Slugs have been a major headache for Yorkshire grower Graham Potter as he transitioned from a plough-based crop establishment system to direct drilling. But with proactive implementation of integrated slug control methods and a sprinkling of new technology, he has turned the tide against the damaging pest across his 200ha arable farm near Thirsk.
Soil health has been a major focus for Mr Potter in recent years and part of his strategy to improve soil organic matter has been reduced tillage and the introduction cover crops in to the rotation. In 2013, the previous plough-press-drill system was ditched in favour of the tine-based strip-drill setup from machinery manufacturer Claydon.
However, with the slug’s habitat no longer disturbed by deep inversion tillage, crop damage increased and resulted in a re-assessment of slug control strategy on the farm.
“The slugs got worse and worse when we started direct drilling, but as my understanding of the slug itself has improved things have slowly gotten better,” explains Mr Potter.
This increased knowledge of slug ecology and behaviour has seen a number of techniques implemented to try and eliminate the problem without chemical intervention, which is only used as a last resort.
The first is the use of a 7.6m Claydon stubble rake, which is deployed a number of times between harvest and the establishment of the following crop, particularly after oilseed rape when slug pressure tends to be at its highest.This helps spread crop residue evenly across the soil surface, minimising any habitat favourable to slugs. The rake also inflicts physical damage and exposes slugs and slug eggs to the elements or natural predators.
“It’s much more effective when hot and dry and we’ll take advantage of any hot weather to rake once harvest is over.
“However, we don’t get too many hot days in Yorkshire, so we also rake at night when slugs are active on the soil surface to get a better effect when conditions are cool and damp.”
Rolling and drill depth
With each tine coulter in the strip-drill system loosening a narrow band of soil, it can provide an easy route for slugs to move down rows and feed on seed. Recognising the importance of seed-bed consolidation, Mr Potter has now taken to double rolling after drilling where slug risk is high, firstly in the same direction as the drill, then a second pass at 90deg to close up the slot.
This helps with seed-to-soil contact for rapid establishment and reduces the ability of the slug to move within the seeding zone. Trials run by Mr Potter comparing no roll, one roll and two rolls showed much improved control from two passes.
“Where we know there are slug problems, we also slow the speed down from 8kph to about 5kph to improve consolidation,” he adds.
Mr Potter also uses drilling depth in high risk areas to hinder the pest’s ability to get to seed and cause damage. Typically, wheat would be drilled about 1in deep, but depth is increased to 1.5-2in in slug prone areas or in wet seasons.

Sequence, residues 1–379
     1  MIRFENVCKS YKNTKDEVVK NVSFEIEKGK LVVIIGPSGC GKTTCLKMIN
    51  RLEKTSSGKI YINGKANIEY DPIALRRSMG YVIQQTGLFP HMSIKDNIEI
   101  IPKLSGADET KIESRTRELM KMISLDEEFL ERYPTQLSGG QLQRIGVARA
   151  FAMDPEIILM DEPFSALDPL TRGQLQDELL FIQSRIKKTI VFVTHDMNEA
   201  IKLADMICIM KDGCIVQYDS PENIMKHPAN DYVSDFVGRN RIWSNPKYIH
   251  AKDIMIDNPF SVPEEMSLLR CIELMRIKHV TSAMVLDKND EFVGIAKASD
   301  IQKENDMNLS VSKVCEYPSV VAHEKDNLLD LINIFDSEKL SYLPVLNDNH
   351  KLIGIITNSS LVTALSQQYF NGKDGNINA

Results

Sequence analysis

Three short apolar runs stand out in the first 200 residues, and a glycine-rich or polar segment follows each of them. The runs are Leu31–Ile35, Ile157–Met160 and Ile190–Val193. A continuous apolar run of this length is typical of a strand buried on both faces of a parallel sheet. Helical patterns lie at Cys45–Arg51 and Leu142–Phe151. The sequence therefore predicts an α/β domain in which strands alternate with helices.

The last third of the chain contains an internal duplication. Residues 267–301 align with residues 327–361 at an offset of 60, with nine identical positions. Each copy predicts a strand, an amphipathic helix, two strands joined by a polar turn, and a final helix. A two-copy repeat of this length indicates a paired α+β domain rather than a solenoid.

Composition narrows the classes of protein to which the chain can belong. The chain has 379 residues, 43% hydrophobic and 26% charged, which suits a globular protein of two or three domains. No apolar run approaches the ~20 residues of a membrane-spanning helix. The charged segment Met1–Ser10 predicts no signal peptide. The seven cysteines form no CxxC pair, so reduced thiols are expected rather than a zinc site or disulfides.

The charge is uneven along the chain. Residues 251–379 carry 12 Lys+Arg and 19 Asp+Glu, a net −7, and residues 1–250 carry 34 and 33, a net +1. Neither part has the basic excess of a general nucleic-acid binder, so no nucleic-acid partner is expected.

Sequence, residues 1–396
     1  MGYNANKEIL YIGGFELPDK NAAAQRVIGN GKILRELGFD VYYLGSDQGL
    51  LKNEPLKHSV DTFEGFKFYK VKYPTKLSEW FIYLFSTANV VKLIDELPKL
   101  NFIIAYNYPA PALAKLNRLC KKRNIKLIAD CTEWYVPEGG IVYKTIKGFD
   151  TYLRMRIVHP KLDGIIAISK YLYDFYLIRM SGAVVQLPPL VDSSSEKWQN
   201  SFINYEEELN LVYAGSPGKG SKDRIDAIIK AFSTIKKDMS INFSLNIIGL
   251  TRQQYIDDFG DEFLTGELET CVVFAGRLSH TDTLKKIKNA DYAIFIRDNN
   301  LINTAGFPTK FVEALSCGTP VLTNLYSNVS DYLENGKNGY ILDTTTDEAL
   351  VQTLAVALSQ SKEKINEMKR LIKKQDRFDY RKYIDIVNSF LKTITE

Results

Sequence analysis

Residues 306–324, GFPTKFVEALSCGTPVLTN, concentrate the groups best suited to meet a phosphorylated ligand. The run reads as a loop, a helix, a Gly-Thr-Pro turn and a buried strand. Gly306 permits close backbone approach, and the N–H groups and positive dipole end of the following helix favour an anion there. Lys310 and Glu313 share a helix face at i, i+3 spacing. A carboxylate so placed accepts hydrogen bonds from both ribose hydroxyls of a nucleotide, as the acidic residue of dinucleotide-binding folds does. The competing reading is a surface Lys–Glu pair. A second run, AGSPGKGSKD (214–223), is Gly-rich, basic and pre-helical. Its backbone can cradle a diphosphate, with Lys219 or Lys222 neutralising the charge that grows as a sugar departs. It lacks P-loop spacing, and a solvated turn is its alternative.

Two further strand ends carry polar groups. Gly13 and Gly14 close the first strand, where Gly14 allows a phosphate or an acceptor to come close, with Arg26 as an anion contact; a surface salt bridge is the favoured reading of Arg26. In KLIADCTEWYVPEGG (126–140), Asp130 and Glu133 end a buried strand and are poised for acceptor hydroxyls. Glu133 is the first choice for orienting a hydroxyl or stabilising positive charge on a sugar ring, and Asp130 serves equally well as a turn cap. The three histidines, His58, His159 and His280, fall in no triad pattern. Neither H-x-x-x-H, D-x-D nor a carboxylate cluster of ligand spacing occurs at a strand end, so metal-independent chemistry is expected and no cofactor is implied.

Mr Potter has been an early adopter of precision farming technology and one of the tools he has used is an electroconductivity (EC) scanner to produce management zones based on soil types across his farm. These vary from heavy clay to blow away sands and once zoned, it gave him the chance to marry up the EC maps with observed slug risk.
This has been underlined more recently by drone images taken when damage is seen in the crop, allowing thin, slug-grazed patches to be mapped and saved in record keeping software programme Gatekeeper for future reference. Most observers would assume that the heaviest soils would present the highest slug risk, but Mr Potter’s work has uncovered that his medium loams suffer the most crop damage. Using EC maps and variable rate seeding technology, he has been varying seed rates based on soil type for some time. However, he is now layering slug risk data over the top of seeding maps and adds an extra 20-30kg/ha of seed where slug risk is high.
“It helps to negate the losses caused by hollowing and has made a big difference to plant populations since we’ve been doing it,” he adds.
Variable pellet application
In addition to upping seed rates in hotspots, Mr Potter is also combining EC, slug risk and yield data to produce variable rate slug pellet application maps. This enables him to apply a higher rate of ferric phosphate pellets in problem areas on medium soils, and less where risk is low, without exceeding the overall maximum individual dose on the product label.
“The heavy land might only get 4kg/ha, but where we know it’s bad, we will go up to 7-8kg/ha,” notes Mr Potter.
Ferric phosphate switch causes no concern
The ban on metaldehyde use in outdoor crops in June 2020 is causing Mr Potter no worries, having moved away from the outgoing active in autumn 2017.Mr Potter is a monitor farm for Yorkshire Water and part of the Sustainable Landscapes project, which has aimed to reduce the amount of metaldehyde polluting raw water supplies across the region.
As a result, he has been proactive in looking for non-chemical solutions to slug control and switched to alternative molluscicide ferric phosphate – a naturally-occurring substance with no buffer zone requirements – in 2017.
“Control has been fine with the ferric phosphate. The only difference is that you don’t see dead slugs like you do with metaldehyde, as they go under the soil surface to die.
“It is just a case of going out and checking the crop for damage or if the pellets have been eaten to know if you’ve done any good,” explains Mr Potter.
He adds that he has done some trials comparing market-leading ferric phosphate product Sluxx HP with rival Ironmax Pro, which claims to have an attractant that makes the bait more appealing to slugs, but he saw no evidence of improved control for the extra cost.
Graham Potter’s slug control tips
For more information on slugs and slug management visit the Slug Force Hub.